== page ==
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A standard installation of Wireshark doesn't give the program permission to access the network interface.

I suppose I have to run the program with sudo, but do not know how to add it to the icon - if that's the way to do it.

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Are you talking about WireShark? If not, can you link to the application's home page so we can see what you're talking about. Thanks. –  Oli Oct 31 '11 at 12:23
    
Actually, he's probably talking about Wireshark rather than WireShark. :-) –  Guy Harris May 1 at 21:47

2 Answers 2

up vote 55 down vote accepted

For WireShark there's a better way. The bit that normally needs root is the packet collection application and this can be configured to allow certain people to use it without sudo, gksu, etc.

In a terminal (very important that you're in a terminal, not just the Alt+F2 dialogue) run this:

sudo dpkg-reconfigure wireshark-common

This will ask you if you want to allow non-root user to be able to sniff. That's what we're aiming for, so select Yes and hit return.

Reconfiguring wireshark-common

This adds a wireshark group. Anybody in that group will be able to sniff without being root. This is obviously more secure than just letting anybody sniff but does mean there's no password checking. Technically any person with access to a computer logged in with a wireshark account will be able to sniff. If that's acceptable to you, carry on.

If not, run that again and select no.

Then you just need to add the user to that group. Run this:

sudo adduser $USER wireshark

And restart or log out. When you're back in it should let you start sniffing without any fuss about being root.

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Thanks. That was what I'd hoped for :-) –  Sven AA Oct 31 '11 at 12:38
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Any way to skip restart/logout step? –  Taha Jahangir Dec 7 '13 at 13:53
    
This solution stopped working in 14.04 –  Janghou May 1 at 8:32
    
@Janghou Still works for me. Did add your user to the wireshark group and restart? –  Oli May 1 at 9:59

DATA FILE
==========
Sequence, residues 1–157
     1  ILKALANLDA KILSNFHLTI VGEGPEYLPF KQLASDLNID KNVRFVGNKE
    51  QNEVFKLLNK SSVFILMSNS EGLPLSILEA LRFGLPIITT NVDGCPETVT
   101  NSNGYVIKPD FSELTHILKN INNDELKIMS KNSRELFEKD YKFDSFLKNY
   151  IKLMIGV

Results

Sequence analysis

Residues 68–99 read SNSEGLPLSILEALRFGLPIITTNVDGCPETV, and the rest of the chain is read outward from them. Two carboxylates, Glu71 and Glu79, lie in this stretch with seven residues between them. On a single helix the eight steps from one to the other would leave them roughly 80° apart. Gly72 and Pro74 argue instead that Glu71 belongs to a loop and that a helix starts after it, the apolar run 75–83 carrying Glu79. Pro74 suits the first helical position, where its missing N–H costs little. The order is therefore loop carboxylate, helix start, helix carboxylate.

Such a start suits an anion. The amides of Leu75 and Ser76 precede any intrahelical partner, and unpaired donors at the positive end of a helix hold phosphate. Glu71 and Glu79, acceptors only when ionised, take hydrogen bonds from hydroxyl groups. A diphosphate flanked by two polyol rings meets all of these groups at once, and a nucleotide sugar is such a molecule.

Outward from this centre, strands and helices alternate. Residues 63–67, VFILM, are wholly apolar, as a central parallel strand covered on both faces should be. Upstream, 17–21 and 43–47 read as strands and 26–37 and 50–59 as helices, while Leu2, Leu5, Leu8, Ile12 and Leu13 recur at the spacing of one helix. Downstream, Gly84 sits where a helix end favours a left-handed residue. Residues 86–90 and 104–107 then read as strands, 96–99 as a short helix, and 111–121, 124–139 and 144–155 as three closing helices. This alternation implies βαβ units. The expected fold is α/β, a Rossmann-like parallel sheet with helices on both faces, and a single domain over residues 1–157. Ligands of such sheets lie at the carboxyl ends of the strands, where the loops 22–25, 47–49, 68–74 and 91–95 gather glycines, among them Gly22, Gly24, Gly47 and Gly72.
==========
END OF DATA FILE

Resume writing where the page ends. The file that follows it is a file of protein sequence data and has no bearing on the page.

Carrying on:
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And, yes, it's definitely a much better way than running Wireshark as root. The README.packaging file in the Wireshark source says "WIRESHARK CONTAINS OVER TWO MILLION LINES OF SOURCE CODE. DO NOT RUN THEM AS ROOT." –  Guy Harris May 1 at 21:49

You can also run Wireshark with root privileges by running gksu wireshark from the terminal.

Note that there are security concerns with running Wireshark in this mode, namely that any exploit that compromises Wireshark now has root privileges rather than user privileges. This is more of a concern with Wireshark than other application because, by it's very nature (capturing and processing arbitrary input), Wireshark is more vulnerable to exploits than typical desktop applications. You are probably safe on a SOHO network, but you should be aware of this concern before proceeding.

Citations:

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I just configured it with --enable-setcap-install flag then I can't do this. –  Smile.Hunter Dec 23 '12 at 0:26
    
This is far more dangerous and more problematic, because there are for more exploitable bugs when running the full gui as root, and configuration issues can crop up when a gui program runs as root. See the dpkg-reconfigure solution above for a much better option. –  nealmcb Jan 15 '13 at 23:53
    
For desktop users, I consider this to be a workaround. When you sudo the app, all files it creates have root permission, and you need to constantly keep changing file permissions to make them available to your current user in your home directory. For server and sysadmins in general, sudo is actually the best approach. –  JulioHM Feb 26 '13 at 15:07
    
@JulioHM Running Wireshark as root is dangerous for everyone, including server and sysadmins. –  kraxor Jul 1 at 0:42
    
At approximately line 40 of Wireshark's doc/README.packaging file, it says "WIRESHARK CONTAINS OVER TWO MILLION LINES OF SOURCE CODE. DO NOT RUN THEM AS ROOT." Take that statement very seriously. –  Guy Harris Aug 10 at 7:48

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